Arthur : If anything, lockdown meant that our listening ‘together’ was even less. Being in a band and we have playlists we listen together, whereas this was even more dispersed. People doing their own thing.
Louis : We didn’t see any live music and we have more influence from fans playing and going to festivals. When we wrote this new one there was no live music.
――You mentioned your reflection on lockdown. You didn’t see any life at all. Was it implemented on your sounds, lyrics or theme?
Ollie : I think less about the direct influence. Just seeing people play live music refreshes you a bit. It’s hard to describe. Just seeing bands playing makes you feel like you want to write your music. It was quite hard not seeing live music during lockdowns.
――For UK bands like Black Midi and Black Country, New Road released an album every year. There is a very quick cycle happening. What do you think about this? Are you pressured in any way?
Arthur : It’s better not to think about what other bands are doing.
Ollie : There are a few years younger than us so they’ve got more energy. It’s better to do your own thing. An album a year is a lot of work. We just do our own thing which is nice. Our record label, Warp, is understanding and just lets us do what we want which is perfect.
――During the lockdown, you couldn’t do any live shows. I’m sure it influenced how you wrote the songs then. You did mention that when you play live you come up with new songs. You couldn’t do that.
Ollie : The Boy Racers and G.S.K interludes but we started doing that when we played live again. I think stuff like that we were so excited to play. We just got all of our music equipment and made some new music. It was quite an inspiring time. We went on tour in May 2021 and played with work-in-progress music, things we have been writing during the lockdown. So that was quite an inspiring time.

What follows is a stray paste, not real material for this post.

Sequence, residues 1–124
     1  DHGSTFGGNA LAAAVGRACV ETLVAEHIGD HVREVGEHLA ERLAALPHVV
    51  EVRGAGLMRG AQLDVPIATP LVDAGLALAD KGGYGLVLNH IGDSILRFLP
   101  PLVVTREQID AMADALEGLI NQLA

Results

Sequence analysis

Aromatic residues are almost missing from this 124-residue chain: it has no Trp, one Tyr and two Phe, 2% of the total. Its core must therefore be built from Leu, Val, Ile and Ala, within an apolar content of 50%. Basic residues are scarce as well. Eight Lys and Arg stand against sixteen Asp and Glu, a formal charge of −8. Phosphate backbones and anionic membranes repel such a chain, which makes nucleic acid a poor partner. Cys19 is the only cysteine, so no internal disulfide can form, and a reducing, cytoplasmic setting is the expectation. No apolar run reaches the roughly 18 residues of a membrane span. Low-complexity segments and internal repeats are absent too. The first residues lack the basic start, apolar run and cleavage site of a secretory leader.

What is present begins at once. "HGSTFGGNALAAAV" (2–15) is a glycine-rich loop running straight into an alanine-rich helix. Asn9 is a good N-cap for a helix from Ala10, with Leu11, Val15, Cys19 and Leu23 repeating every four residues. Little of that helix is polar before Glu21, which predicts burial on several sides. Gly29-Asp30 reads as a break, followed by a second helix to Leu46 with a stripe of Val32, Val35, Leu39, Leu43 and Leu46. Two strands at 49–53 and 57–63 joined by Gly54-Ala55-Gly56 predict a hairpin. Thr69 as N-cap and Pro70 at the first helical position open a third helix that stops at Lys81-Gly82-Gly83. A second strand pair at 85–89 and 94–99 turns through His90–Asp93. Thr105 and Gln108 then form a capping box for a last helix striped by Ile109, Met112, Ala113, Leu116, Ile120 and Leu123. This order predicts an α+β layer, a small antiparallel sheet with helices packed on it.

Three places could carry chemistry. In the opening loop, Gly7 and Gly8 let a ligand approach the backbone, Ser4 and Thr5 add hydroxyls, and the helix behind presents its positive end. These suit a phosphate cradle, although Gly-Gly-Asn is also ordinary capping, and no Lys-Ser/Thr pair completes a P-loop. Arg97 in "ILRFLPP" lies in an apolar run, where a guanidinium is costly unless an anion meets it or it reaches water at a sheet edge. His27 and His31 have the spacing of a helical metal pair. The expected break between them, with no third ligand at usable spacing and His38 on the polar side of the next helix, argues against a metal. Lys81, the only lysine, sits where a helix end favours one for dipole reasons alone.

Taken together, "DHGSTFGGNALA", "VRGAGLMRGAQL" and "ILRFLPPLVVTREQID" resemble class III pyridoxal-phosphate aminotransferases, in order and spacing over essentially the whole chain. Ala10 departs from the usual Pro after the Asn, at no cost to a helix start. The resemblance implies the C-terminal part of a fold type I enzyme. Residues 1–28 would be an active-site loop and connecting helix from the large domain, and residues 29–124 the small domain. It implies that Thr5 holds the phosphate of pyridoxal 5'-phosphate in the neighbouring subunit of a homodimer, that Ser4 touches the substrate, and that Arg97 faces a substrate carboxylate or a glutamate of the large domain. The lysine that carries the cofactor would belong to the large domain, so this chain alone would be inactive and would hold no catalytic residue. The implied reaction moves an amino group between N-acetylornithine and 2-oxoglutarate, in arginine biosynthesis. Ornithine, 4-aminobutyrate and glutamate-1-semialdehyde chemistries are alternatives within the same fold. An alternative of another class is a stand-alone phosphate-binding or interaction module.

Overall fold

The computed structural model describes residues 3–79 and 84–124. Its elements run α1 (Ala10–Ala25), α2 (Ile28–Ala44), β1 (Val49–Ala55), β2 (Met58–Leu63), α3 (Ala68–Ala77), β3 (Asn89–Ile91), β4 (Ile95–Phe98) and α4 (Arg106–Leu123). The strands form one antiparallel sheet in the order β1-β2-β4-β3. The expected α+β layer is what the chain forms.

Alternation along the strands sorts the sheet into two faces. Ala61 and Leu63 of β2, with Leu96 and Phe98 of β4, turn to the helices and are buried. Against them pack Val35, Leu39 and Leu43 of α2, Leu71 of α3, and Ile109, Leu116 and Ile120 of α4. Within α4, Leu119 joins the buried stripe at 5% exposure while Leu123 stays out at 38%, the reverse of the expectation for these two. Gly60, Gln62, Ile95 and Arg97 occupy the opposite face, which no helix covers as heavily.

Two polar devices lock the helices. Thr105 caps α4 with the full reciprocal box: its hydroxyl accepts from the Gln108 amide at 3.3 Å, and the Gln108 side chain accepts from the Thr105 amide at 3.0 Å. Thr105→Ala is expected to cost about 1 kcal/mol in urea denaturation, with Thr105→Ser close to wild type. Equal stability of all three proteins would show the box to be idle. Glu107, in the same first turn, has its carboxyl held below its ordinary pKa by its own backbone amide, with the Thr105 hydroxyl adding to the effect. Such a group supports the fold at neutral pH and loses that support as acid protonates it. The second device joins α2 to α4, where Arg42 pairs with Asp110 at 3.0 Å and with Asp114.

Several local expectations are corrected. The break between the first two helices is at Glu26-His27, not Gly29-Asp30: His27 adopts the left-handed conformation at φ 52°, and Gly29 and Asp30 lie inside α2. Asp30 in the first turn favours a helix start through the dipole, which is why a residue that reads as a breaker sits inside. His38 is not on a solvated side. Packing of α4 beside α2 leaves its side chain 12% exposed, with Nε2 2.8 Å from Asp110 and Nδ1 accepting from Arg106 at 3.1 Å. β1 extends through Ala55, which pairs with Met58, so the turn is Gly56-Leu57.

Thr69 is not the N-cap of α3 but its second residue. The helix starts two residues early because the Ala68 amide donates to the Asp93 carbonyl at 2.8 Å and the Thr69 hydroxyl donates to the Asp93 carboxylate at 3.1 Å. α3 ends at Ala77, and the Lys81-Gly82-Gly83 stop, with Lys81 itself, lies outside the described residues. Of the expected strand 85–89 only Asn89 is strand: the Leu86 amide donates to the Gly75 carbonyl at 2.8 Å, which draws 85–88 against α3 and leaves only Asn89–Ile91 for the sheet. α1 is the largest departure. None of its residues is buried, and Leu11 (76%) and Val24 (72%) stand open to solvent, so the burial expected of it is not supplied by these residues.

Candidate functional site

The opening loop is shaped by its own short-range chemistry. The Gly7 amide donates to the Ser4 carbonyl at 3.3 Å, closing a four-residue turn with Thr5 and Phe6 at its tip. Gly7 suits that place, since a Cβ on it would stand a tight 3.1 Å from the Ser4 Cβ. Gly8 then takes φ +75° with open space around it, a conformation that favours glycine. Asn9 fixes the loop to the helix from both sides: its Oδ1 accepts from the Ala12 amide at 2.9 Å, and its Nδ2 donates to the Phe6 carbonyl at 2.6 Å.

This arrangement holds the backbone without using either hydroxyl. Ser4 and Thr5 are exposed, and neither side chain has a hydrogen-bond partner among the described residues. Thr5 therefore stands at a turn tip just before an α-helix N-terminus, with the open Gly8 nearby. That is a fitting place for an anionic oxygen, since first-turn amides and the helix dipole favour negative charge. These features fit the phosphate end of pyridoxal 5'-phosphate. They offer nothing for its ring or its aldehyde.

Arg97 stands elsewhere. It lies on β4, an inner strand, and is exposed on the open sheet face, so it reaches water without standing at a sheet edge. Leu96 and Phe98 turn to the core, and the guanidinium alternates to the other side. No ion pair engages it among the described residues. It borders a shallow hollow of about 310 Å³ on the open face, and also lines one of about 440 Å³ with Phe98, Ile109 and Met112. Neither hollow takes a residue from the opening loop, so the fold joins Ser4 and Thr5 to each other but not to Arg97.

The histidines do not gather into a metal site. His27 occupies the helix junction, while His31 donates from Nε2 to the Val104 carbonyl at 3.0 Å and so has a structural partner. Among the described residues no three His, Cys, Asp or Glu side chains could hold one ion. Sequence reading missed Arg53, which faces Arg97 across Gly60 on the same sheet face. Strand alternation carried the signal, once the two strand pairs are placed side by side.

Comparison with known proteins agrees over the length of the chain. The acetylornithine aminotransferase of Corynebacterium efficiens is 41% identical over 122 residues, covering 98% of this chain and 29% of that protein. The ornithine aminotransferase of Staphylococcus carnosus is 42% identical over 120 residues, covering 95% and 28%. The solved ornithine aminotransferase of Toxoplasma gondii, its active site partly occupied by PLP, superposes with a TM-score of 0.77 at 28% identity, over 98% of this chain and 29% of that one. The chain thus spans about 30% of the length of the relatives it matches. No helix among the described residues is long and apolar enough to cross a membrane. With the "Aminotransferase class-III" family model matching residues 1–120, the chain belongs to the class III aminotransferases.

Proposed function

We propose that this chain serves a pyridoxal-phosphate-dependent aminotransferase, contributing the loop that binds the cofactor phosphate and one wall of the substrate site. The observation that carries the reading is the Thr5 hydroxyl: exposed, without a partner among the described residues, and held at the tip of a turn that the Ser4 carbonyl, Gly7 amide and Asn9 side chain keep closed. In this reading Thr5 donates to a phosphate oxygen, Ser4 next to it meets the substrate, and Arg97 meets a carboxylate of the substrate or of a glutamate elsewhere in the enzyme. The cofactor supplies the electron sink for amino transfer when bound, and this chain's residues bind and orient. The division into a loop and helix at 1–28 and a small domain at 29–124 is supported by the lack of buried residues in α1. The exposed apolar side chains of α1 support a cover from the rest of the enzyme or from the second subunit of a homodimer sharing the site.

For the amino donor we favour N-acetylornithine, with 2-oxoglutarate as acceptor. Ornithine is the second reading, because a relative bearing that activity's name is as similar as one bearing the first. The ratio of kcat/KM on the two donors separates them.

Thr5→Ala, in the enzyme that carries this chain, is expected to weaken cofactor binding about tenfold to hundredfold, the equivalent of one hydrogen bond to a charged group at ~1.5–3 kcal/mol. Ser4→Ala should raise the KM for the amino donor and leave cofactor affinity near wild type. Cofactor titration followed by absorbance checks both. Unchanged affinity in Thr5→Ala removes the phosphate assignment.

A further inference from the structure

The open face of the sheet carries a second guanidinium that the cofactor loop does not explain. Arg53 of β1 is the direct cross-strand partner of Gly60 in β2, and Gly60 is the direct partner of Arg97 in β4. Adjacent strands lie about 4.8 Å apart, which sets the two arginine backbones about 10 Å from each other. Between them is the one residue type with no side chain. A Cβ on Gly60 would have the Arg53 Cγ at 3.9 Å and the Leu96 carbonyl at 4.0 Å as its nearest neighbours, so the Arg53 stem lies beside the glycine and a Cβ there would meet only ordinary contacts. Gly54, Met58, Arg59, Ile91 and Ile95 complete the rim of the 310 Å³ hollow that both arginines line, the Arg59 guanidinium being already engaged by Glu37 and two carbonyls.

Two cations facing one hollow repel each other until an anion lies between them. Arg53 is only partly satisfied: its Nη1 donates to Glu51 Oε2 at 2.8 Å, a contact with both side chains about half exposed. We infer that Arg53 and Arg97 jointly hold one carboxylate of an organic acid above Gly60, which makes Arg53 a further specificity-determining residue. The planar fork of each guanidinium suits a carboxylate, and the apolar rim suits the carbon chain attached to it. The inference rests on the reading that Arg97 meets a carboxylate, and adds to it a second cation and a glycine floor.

――Did you play the work-in-progress songs for the upcoming album at the concert?
Arthur : This was in May 2021, it was quite fun. We just had a tour of making new improvised music. It shaped a lot of the tracks for the album. We haven’t started recording at that point, we didn’t start it in over a year later.
――For your cover album, besides Steve Reich you had covers by songwriters; Bill Callahan, Robert Wyatt and Robbie Basho. Whose idea was this and how were they selected?
Ollie : It’s usually songs we listened to together in the tour van. It’s always quite fun coming up with song covers. I think we like to cover songs that are a little bit out of our comfort zone.
Arthur : And we haven’t managed to write our cover yet, unfortunate. We tried once to layer a mini Riperton.
――I thought you might play the acoustic guitar to make the songs. Do you do that?
Ollie : I think we tried once but it felt wrong. Maybe third album.
――Your remix album was great. How did you select the offers for Cosey Fanni Tutti and Loraine James?
Ollie : Luckily we all have connections with electronic music so it’s very useful. Like Loraine James is amazing. She has done some amazing things with dance music in the UK. We don’t have a particular criteria. We are just like experimental producers. Cosey Fanni Tutti is like a legend so having that remix was special. She seemed super nice as well. It’s a quite scary remix and I only managed to listen to it a few times. Too scared.
――I can hear the influence of industrial music in Squid. Have you been listening to music like Cabaret Voltaire? Do you have any other bands you listened to as well?
Ollie : Yes. The early Human League stuff is great, more industrial. I’ve known Nine Inch Nails for a long time. I can hear Throbbing Gristle in Arthur’s synthesizer work. Some of the sounds that he makes are very unique.
――What do you like about Loraine James?
Ollie : The vocal sound chords she uses and manipulates are really good. Forward-thinking dance music and lots of influences.
――What are your thoughts on her work involving Drill or Grime music? Do you listen to a similar style of music?
Arthur : Some UK Grime definitely. Things like dubstep are starting to get popular, and Grime is alongside it. Some great instrumentals. But we don’t listen to them as frequently as a band. I haven’t quite gone into Drill yet but maybe I need to.
Ollie : And (MC)Trim as well.
――When can we expect to hear this new album?
Ollie : We are not sure. Could be next week or next year. I don’t know.
Arthur: It’s not next week, definitely not going to be next week.
Louis : Impossible to say.
photography Marisa Suda（https://www.instagram.com/marisatakesokphotos/）
text Junnosuke Amai（TW）